Guest Blogger Mitchell Cuevas: Tom Cruise, the Undead, and…when did childhood games start requiring a Smartphone? Foursquare

I was sitting in our weekly staff meeting the other day listening to program ideas for the coming month when someone at the table suggested, with some excitement, that we should have residents of the building play in a four square tournament on the back deck during the end of the year barbeque. Everyone seemed to like the idea and agreed. I, however, sat confused for a little longer than I was comfortable with. Foursquare? Why on earth would they want to have a foursquare tournament? How would that even work? So a bunch of kids on their phones…?

A few seconds later I caught up with everyone else and realized what was obvious to all of them—they were talking about the long lost game from my childhood that you play with a big red bouncy ball of which there never seemed to be enough of.

My initial confusion stemmed from what all the experts are saying is the next revolution in the online social world—location based social networking. Foursquare seems to be somewhat of a leader in this growing new space and it was this ‘foursquare’ that was the first to come to my mind. It really got me thinking, does it make me old to forget about playing four square on the playground, or should I feel hip and young because I know what the ‘new’ Foursquare is?  Regardless, the image that entered my brain was like something out of Zombieland, that horror/comedy flick that came out a while back.  I imagined a crowd of my residents wandering about in a fashion very similar to the undead from the movie, but instead of thirsting for flesh, they were slowly texting, tweeting, updating, blogging, and otherwise communicating online while completely ignoring the others physically around them. I thought, maybe this isn’t too far from the truth, I sometimes walk to class and see people shuffling past one another with their phone out, desperately trying to finish off that last text. I see people trip on nothing but the funny tweet, status update, or ‘text from last night’ they hold in their hand.

I’ll be honest, when I first heard of Foursquare and the like, I was pretty skeptical. Frankly, the idea that I would be giving out my exact location in real time was a bit unnerving. Plus, why would anyone even want to know that much detail about my life anyway? I thought this way for a few weeks until I had a reimagining. I signed up for one of the accounts just to see what was up and more selfishly, to be able to claim I was an early adopter in case it does become the next big thing. Anyhow, I began to question the initial concerns and came to the decision that another social networking tool like this one is actually good. Why is that? Didn’t I just describe students at my school as texting zombies? Well yes, and they are, but that is precisely why Foursquare can be a really great thing. Who knows how it will develop, but I can imagine a shift from the traditional mode of social networking and online friendship that takes place largely alone on one’s own computer, (Ask me about the residents on my floor that communicate exclusively via Facebook sometime) back to a scene out of That 70’s Show with a bunch of excited friends meeting over a jukebox and the soda machine.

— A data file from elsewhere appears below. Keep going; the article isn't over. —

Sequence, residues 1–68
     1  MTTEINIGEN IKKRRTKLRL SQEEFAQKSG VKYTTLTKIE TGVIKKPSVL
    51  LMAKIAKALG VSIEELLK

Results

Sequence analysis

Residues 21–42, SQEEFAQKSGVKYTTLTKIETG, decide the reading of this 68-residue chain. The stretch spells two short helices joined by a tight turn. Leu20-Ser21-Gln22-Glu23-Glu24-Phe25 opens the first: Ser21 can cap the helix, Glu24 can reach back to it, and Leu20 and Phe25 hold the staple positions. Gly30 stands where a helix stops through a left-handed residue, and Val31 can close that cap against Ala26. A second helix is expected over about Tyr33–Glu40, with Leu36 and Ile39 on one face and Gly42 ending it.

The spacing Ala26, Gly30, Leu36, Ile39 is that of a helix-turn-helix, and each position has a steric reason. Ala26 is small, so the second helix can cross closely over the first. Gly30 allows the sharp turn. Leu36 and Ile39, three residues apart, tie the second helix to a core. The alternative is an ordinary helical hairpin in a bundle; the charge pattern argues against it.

You see, I’m not sure if they intended this or not—though I know the name must be at least somewhat an homage to the game—but the name Foursquare is actually perfect. It is a physical activity involving several other active people in the same space. I think that their mission is to promote the physical interaction and I see the potential in this location service to help build bridges from more static social mediums to the physical world. I really think that as we become more and more plugged into the location idea, the more it will actually push us back toward relationships that involve a lot more physical time together. The service promotes being active, meeting up, shouting out to friends nearby, and the best of all, it is a natural extension and evolution of the  Twitter style of social networking that somewhat lacks the connection to physical relationships among people and places.

So is it good? Will it move us back to the physical contact we are slowly losing in society as a whole as more of life goes online? Is it just another opportunity for advertisers to target us? Is that a bad thing? Maybe I like customized ads some say…maybe I would like to feel like Tom Cruise/Mr.Yakamoto/whatever his name was in Minority Report when I walk into GAP. Imagine a nice sales associate greeting you by name and asking you how your previous purchase of assorted tank tops worked out. Nice right? Or maybe that scares you? Do you want people to know where you are every second? On top of that one has to consider the legal side of things. What are the rules for this? We know Facebook is mired in privacy concerns…does adding our location to our online presence expound the potential abuses of our privacy? Could it be dangerous? Do we care?

On the business side, I can’t help but be stoked about the advertising opportunities this presents, but is our social life imposed upon enough by marketing already?

Honestly, I am not sure. I don’t have all answers to—or even opinions—on all of my own questions. I don’t pretend to know how this will all play out, all I know is that I am all for the location sensation if it can help unite the online social world with the physical one and maybe get us all back to playing some four square on the play ground once in a while. Of course, after you do, be sure to tweet it about and post those pics on Facebook, I don’t want to miss them.